- Given that Hammerfell is not friendly with the Thalmor, Saadia's story of being persecuted for speaking out against them seems unlikely.
- After completing the quest, Saadia seemed a bit, for lack of a better word, cold-hearted.
- Long after completing this quest, I had a random encounter with two Alik'r questioning a Redguard woman. They treated her sternly, but once one of them realized that she was not the one they were looking for (i.e. Saadia), they let her go without further incident. Their behavior suggests men who are sticking to rules and protocols, rather than a band of assassins.
- After the Empire abandoned Hammerfell, the Redguards continued to fight the Aldmeri Dominion to a standstill. They eventually signed the Second Treaty of Stros M'Kai, the conditions of which seem to be unknown outside of Hammerfell. Given the way the Thalmor have used the White-Gold Concordat to sow discord in Skyrim, it is not unreasonable to assume that they are doing the same in Hammerfell, which has an even more fractured political system. Therefore, Saadia may be in the same position as a Talos worshipper in Skyrim.
- While it is true that the Alik'r are not welcome in Whiterun, the fact that they chose to camp in an active bandit hideout runs counter to Kematu's claims of honorable behavior. He seemed perfectly content to let the bandits kills us, choosing only to speak to me after I had run his gauntlet.
- Saadia chose to hide out in relatively neutral Whiterun, as opposed to a more Imperial Hold like The Reach, Falkreath, or Haafingar. These three Holds are closer to Hammerfell geographically, and some of the towns actually have Thalmor representatives. If Kematu's story were accurate, it would make more sense for Saadia to seek assistance from the Thalmor than to run to a more neutral Hold like Whiterun.
- If Saadia had indeed sold out the city of Taneth to the Thalmor, it would be reasonable to expect that she would have been rewarded for her betrayal, yet this noblewoman is living as a cook in a mid-range inn. While it is possible that the Thalmor let her twist in the wind, it would also have made sense for them to reward her and use her as a poster child for allying with the Aldmeri Dominion.
- Given the craftiness of the Thalmor, it is entirely possible that Kematu's intentions were perfectly honorable, and yet disastrous for Saadia. Kematu may have led Saadia back to face a fair trial, only to have her summarily executed at the border by Thalmor Justicars or a rival royal house.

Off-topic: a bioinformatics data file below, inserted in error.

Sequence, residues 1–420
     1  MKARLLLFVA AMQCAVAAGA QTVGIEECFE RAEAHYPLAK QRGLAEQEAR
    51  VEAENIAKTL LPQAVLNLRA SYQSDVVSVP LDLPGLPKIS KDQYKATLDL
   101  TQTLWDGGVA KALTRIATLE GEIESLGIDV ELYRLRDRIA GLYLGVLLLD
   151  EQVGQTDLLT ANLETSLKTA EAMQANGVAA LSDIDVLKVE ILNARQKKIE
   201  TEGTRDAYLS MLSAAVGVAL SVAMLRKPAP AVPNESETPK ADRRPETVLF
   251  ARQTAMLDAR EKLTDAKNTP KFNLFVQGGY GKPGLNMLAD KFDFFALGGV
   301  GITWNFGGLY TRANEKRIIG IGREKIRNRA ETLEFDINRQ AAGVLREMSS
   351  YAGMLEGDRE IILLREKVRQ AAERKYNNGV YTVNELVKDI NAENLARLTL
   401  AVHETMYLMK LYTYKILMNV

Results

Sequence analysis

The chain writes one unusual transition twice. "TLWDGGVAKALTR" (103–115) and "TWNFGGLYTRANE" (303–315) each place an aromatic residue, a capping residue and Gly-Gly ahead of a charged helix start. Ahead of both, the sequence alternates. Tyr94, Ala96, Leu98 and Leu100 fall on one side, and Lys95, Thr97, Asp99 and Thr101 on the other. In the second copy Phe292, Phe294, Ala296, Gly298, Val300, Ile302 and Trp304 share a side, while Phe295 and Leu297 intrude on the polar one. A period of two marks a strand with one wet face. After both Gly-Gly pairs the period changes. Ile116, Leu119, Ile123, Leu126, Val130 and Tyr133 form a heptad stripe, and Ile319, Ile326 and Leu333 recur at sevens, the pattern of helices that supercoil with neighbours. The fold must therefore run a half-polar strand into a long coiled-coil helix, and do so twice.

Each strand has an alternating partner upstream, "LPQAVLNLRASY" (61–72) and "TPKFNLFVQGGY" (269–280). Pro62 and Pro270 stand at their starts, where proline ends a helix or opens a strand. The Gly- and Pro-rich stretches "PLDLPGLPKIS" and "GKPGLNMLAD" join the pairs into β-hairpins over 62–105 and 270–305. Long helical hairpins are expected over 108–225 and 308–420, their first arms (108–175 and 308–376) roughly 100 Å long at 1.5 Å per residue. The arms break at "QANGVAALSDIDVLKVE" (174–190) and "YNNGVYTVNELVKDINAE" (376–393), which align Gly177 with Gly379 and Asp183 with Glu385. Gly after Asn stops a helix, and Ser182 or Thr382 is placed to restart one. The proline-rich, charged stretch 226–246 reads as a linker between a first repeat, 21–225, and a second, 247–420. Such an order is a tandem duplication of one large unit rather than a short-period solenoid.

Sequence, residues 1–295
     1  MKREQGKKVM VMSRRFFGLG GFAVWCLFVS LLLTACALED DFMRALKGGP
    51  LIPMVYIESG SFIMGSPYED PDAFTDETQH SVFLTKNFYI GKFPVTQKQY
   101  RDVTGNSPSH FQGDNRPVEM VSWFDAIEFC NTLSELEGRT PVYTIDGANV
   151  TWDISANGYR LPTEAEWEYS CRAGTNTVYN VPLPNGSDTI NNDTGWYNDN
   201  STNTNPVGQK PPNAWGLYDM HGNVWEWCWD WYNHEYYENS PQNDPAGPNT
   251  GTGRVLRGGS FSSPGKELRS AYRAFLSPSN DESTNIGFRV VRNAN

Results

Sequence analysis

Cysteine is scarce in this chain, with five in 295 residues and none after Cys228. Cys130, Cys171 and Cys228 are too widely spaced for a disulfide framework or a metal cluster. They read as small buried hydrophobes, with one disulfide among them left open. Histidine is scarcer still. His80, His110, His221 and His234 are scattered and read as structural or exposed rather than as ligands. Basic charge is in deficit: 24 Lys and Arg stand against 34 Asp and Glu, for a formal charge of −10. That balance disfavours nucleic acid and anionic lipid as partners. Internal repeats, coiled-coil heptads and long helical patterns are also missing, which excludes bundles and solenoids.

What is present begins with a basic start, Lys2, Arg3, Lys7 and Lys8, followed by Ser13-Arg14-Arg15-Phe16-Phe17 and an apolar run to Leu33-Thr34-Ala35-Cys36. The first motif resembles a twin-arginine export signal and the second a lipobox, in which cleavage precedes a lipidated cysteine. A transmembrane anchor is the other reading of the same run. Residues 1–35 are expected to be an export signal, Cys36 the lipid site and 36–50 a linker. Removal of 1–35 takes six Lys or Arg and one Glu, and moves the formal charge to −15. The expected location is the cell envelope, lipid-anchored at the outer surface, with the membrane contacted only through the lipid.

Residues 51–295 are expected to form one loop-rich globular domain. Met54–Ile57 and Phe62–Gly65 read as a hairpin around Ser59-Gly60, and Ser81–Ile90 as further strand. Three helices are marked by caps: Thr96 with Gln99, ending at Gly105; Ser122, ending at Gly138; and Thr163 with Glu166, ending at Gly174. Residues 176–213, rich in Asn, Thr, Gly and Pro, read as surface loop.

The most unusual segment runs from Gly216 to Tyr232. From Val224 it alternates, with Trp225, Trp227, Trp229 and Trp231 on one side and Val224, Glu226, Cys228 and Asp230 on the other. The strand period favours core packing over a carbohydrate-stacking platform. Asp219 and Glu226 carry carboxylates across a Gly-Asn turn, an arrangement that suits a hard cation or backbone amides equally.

- While I completely misunderstood Kematu's dialogue, and probably should have asked questions before trying a sneak attack, I had come to expect a vicious attack around every corner of Swindler's Den -- a situation Kematu had set up himself.
- The captured Alik'r paints a portrait of Kematu and his men as a band of killers, which confirmed Saadia's assessment of them.
- The two original Alik'r who initiated the quest are still hanging out at Whiterun's front gate. This is most likely a glitch, but the fact that they are still there and still polite paints a picture of the Alik'r as honorable men. I feel a pang of guilt every time I pass them and they ask, "Need something?"
- A group of well-armed, well-trained, government-hired mercenaries are sent to track down one woman -- a woman who, despite threatening me with a dagger, poses no significant physical danger. She claims to be running because she spoke up against a powerful group that I already dislike. Even if I had listened to Kematu, I would probably still have sided with the "dissident" rather than trying to capture the "traitor."
- If I'm being completely honest, I tend to fall for the "damsel in distress" routine all too often, both in gaming and in the real world. In this particular case, I think I considered allowing a "defenseless" woman to be victimized less tolerable than killing a group of warriors who might turn out to be honorable after all.